Duel purpose and multiple winners – the unique Chester Cup
Whistlejacket’s Chester Cup memories
As we all know, Chester is a tight track, the field is always on the turn and horses travelling wide can use up too much petrol. Alternatively, those on the inside can find their path blocked and be left with nowhere to go.
This is all the more the case with the Chester Cup run over two miles, two furlongs or about two -and-a-half circuits of the Roodee.
A bit like steeplechasers, horses often run multiple times in the Chester Cup and there have been quite a few multiple winners. Top Cees and Rainbow High both turned up regularly and won the Cup twice each.
Obliterated the field
Top Cees, a horse at the centre of a libel case against The Sporting Life in 1998 which the newspaper lost, had won the race in 1995 and in 1997 travelled much the best for Jimmy Fortune and obliterated the field.
The race is often won by quite a distance and in the old days a horse with a real light weight could make that pay. Merit, ridden by Jimmy Quinn, carried just 7 stone 10 pounds in 1996, and won very easily. It looks on the replay as if he had just joined in at the two-pole.
In 2000 there was a much closer-run affair. Chester Cup regulars Rainbow High (fifth), Prairie Falcon (third) and Ansar second) were all in the field. So was Top Cees who was pulled up injured, and whose last race this was.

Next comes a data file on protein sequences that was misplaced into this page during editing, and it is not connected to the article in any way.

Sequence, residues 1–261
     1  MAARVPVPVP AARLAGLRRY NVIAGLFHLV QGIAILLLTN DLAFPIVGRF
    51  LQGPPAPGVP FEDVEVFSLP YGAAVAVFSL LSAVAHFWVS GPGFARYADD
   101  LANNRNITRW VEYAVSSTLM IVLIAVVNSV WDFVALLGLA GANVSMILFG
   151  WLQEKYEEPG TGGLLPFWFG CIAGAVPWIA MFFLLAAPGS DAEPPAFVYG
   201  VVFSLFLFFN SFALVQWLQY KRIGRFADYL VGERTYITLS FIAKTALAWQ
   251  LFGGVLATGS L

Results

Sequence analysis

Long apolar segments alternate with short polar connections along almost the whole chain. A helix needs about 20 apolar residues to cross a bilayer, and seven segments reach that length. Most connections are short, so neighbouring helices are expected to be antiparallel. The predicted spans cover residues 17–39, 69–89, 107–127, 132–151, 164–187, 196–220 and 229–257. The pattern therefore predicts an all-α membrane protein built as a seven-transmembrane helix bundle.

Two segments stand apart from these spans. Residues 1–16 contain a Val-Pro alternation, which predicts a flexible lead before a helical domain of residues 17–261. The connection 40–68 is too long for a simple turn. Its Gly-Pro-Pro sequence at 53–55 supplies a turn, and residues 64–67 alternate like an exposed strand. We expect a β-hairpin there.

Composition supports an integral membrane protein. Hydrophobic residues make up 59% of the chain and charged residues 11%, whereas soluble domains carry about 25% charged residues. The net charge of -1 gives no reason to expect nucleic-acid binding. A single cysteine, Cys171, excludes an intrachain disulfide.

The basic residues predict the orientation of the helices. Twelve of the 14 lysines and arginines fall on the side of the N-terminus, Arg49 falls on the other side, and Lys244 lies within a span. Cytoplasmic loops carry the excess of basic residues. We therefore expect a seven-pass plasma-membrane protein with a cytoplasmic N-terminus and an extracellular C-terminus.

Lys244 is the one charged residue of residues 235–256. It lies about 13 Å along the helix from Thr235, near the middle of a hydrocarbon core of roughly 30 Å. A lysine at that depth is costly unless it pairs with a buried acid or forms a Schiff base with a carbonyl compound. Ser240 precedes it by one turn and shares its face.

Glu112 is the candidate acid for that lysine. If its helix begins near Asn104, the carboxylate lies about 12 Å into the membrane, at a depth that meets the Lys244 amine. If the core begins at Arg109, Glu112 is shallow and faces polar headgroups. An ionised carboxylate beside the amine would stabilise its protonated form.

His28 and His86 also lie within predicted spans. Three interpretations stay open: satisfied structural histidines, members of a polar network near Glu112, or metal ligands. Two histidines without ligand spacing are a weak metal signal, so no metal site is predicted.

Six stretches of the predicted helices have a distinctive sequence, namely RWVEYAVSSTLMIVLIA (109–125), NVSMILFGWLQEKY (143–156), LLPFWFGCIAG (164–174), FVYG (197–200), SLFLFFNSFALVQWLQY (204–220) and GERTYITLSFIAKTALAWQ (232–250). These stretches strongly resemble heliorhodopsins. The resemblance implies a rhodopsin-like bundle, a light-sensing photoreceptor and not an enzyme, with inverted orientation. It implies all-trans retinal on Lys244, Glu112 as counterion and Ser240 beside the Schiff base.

He was saved from having to be put down and left an amazing legacy as probably the best dual-purpose horse (leaving aside Alderbrook) since Sea Pigeon.
It’s an interesting debate as to which has been the best dual-purpose horse over the last 40 years or so. Sea Pigeon would probably be the choice, although who knows what Detroit City could have achieved if he had lived.
That 2000 race was won by Bangalore ridden by another lightweight jockey, the “Angry Ant“, Gary Bardwell, who just held on from the Dermot Weld trained Ansar.
Rainbow High who had won in 1999, was back for more in 2001 and was given an ultra-confident ride by Richard Hughes. He was pulling double and went on to win by many lengths under 9 stone 13 pounds. So, if the horse is classy enough and gets a favourable trip, the weigh may not matter so much.
We will miss the Chester Cup this year but roll on 2021.
All the best
Whistlejacket looks back at the Derby in the 1980s http://wp.me/s8e3Dl-14420
Newmarket: the 400 year story of HQ http://wp.me/p8e3Dl-D6
Duel purpose and multiple winners: the unique Chester Cup http://wp.me/p8e3Dl-3Mo